IN CASE YOU MISSED IT

- Electoral consequences. Beijing is aiming to overhaul Hong Kong's electoral system, with consequences that reach far beyond the leadership of Chief Executive Carrie Lam. Beijing will now demand loyalty from Hong Kong political candidates, leaving opposition politicians wondering if they'll ever run for office again. New York Times

- Slam dunk. Dick's Sporting Goods scored a PR win this week by sending athletic equipment to women's NCAA basketball teams after viral photos showed significant disparities in the equipment offered to men's and women's teams in the league's tournament bubbles. But the athletic chain can't solve every problem: the NYT reported that women's teams also received less accurate rapid COVID tests while the men used more reliable—and more expensive—PCR tests. 

- Remembering an icon. April 16 will mark the date that would have been Selena's 50th birthday. In honor of the beloved Tejano artist, who died in 1995, Texas Monthly put together a package of stories on her legacy, from imagining the woman she would be at 50 to examining her impact on a generation of Latinas. Texas Monthly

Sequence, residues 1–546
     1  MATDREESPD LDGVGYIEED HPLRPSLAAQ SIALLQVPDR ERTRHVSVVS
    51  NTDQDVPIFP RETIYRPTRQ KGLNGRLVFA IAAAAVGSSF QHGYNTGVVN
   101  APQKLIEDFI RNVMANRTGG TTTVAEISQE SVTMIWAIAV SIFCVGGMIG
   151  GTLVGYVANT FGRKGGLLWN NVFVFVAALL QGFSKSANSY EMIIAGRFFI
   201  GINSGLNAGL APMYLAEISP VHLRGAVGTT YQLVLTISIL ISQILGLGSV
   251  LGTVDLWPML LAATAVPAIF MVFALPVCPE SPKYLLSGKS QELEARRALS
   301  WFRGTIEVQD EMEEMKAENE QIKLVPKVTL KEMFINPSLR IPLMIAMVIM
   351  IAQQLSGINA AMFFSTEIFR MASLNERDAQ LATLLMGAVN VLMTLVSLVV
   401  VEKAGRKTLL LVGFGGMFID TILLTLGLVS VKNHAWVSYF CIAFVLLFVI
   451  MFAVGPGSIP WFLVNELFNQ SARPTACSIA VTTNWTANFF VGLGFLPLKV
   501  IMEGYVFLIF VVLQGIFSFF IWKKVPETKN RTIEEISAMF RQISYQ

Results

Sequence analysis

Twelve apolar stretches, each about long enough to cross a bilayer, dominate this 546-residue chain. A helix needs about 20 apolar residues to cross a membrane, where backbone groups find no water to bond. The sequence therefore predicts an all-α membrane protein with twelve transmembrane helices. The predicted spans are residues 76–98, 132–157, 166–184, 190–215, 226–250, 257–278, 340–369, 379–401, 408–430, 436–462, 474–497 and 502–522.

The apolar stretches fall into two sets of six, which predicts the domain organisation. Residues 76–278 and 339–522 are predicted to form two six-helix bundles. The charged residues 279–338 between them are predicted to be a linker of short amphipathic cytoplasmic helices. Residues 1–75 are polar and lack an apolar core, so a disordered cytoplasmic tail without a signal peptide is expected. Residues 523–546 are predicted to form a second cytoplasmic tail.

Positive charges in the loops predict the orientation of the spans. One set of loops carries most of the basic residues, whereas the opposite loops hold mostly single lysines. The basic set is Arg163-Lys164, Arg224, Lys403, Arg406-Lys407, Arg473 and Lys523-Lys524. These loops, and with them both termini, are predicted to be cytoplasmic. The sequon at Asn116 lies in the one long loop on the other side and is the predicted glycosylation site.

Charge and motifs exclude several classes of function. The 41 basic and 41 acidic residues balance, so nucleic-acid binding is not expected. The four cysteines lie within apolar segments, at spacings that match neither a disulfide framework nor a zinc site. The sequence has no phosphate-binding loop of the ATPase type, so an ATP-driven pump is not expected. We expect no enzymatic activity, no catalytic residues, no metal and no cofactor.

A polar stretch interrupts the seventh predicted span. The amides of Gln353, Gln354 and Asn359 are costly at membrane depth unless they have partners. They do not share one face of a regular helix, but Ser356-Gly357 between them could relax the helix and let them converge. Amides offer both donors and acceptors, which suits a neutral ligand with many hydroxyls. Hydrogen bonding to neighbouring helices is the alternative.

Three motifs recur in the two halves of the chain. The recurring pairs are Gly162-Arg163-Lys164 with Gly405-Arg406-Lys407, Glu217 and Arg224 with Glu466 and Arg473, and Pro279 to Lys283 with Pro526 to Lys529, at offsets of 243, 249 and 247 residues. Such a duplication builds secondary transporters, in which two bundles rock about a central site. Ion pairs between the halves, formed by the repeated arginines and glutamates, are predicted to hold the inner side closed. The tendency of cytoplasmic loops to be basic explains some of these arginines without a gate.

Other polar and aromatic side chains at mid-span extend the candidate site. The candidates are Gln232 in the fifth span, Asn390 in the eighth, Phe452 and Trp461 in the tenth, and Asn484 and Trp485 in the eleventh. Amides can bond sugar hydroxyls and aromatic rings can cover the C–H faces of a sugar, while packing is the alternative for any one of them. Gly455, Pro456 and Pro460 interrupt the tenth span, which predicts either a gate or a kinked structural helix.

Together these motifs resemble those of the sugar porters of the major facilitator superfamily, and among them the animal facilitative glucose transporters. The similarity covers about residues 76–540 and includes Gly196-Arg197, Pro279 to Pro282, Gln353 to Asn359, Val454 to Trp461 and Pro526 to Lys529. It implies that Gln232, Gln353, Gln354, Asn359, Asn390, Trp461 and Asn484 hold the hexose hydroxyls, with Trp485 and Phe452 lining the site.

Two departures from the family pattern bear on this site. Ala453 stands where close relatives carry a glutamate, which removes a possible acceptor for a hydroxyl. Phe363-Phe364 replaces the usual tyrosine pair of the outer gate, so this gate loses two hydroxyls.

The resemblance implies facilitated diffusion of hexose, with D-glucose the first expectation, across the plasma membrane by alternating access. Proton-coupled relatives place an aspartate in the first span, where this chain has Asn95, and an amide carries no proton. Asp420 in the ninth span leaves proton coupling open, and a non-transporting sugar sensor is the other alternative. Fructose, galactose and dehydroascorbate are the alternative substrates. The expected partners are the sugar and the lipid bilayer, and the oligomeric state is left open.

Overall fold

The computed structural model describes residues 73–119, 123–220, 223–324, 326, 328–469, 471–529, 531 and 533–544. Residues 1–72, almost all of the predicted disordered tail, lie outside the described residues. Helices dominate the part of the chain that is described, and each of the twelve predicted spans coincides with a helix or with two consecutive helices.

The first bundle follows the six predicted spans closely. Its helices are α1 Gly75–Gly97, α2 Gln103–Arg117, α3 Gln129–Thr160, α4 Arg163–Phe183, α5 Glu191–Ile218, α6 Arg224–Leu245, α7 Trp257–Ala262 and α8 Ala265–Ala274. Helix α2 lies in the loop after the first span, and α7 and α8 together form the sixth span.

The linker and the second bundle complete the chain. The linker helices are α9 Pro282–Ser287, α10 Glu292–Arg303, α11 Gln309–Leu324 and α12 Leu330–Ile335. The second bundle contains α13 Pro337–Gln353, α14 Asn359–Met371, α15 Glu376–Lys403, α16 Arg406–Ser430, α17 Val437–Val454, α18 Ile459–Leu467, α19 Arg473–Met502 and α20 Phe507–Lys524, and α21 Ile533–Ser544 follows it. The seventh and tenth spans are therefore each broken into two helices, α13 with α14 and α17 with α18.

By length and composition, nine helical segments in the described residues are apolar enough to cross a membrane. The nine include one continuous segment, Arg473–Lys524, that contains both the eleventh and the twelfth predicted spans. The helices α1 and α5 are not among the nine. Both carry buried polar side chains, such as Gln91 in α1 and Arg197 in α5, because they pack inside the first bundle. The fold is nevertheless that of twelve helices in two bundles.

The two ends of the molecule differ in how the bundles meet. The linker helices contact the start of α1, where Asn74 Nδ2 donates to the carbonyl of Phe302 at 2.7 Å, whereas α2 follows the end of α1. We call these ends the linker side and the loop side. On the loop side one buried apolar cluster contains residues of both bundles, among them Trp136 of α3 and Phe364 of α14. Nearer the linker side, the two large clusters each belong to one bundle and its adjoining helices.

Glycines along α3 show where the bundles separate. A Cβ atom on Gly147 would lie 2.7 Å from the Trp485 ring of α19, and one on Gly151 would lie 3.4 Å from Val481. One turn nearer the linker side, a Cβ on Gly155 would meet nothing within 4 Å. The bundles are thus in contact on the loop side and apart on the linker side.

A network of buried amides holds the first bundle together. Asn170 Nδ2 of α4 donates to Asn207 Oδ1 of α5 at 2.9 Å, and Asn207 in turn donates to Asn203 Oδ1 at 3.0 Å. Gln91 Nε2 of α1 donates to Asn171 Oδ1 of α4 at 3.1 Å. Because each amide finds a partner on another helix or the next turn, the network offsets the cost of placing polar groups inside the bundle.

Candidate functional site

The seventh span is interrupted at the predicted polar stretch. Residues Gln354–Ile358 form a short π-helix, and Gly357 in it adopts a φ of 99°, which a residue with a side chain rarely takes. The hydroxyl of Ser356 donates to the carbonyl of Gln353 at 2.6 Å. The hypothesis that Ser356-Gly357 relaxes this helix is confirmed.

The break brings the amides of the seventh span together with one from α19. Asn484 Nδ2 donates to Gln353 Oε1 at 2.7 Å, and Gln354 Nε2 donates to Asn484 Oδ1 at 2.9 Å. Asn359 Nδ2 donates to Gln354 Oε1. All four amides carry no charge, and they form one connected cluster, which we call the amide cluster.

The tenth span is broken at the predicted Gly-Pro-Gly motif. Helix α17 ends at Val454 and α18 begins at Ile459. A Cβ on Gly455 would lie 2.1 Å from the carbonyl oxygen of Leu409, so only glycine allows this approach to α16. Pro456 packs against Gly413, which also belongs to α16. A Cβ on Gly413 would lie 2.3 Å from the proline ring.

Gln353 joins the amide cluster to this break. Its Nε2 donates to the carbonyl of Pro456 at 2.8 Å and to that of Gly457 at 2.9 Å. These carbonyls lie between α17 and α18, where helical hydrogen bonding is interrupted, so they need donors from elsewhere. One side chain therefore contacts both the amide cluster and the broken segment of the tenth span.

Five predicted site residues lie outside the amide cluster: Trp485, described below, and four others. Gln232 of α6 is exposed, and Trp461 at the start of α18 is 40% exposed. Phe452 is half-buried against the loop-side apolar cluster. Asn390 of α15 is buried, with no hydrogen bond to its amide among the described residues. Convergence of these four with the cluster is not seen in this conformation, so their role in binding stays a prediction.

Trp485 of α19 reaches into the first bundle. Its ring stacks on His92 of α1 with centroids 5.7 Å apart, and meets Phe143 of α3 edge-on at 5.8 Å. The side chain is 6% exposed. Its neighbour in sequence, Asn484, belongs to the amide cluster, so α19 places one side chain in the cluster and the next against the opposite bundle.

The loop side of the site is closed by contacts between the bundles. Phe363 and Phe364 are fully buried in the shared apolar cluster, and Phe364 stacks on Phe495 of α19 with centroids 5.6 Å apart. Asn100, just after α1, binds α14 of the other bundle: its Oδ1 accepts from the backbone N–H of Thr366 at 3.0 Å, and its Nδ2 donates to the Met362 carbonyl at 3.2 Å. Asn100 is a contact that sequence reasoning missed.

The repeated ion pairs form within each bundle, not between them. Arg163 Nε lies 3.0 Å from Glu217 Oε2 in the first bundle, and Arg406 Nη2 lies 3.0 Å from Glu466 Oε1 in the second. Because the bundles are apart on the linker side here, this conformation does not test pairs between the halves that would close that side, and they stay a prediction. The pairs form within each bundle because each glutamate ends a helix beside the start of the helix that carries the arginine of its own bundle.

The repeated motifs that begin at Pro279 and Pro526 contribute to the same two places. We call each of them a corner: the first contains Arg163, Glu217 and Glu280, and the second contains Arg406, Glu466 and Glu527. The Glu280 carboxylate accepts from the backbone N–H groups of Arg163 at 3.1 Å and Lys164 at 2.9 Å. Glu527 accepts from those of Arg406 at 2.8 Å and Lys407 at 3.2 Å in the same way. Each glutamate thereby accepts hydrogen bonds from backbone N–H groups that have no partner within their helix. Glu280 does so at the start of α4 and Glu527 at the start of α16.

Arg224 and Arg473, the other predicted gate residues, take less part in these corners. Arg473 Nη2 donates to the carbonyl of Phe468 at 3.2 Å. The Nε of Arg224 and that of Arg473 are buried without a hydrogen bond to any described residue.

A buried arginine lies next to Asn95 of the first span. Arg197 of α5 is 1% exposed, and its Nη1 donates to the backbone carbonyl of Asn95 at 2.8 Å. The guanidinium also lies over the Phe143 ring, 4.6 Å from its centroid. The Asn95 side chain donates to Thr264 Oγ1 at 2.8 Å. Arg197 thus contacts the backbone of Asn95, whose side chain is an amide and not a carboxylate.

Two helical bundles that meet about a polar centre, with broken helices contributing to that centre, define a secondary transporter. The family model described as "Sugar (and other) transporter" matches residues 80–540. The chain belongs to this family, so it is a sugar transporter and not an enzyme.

- 'Harnessed' no more. Bra sales are up over the past year—but women want more options now, with the pandemic accelerating some trends away from the traditional underwire. Wireless and pullover bras are both seeing higher demand. New York Times

ON MY RADAR

Julia Letlow, widow of congressman-elect, wins special election for House seat Wall Street Journal

The pure joy of Waffles + Mochi, Michelle Obama's food show for kids The New Yorker

Cuomo's first accuser raises new claims of harassment and retaliation The New Yorker

PARTING WORDS

"I joke, we have to be headhunters in our spare time at Ariel."

-Ariel Investments co-CEO Mellody Hobson on the demand in corporate America for Black executives and board members